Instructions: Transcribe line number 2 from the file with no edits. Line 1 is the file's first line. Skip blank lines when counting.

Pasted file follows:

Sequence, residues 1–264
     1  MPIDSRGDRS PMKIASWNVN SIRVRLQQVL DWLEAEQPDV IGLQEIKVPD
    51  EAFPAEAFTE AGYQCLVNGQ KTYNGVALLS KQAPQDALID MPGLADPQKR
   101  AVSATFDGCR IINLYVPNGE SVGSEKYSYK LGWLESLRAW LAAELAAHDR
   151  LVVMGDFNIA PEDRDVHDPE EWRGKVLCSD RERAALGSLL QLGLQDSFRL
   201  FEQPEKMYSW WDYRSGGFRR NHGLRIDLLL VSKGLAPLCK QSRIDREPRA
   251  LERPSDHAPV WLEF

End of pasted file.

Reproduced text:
     1  MPIDSRGDRS PMKIASWNVN SIRVRLQQVL DWLEAEQPDV IGLQEIKVPD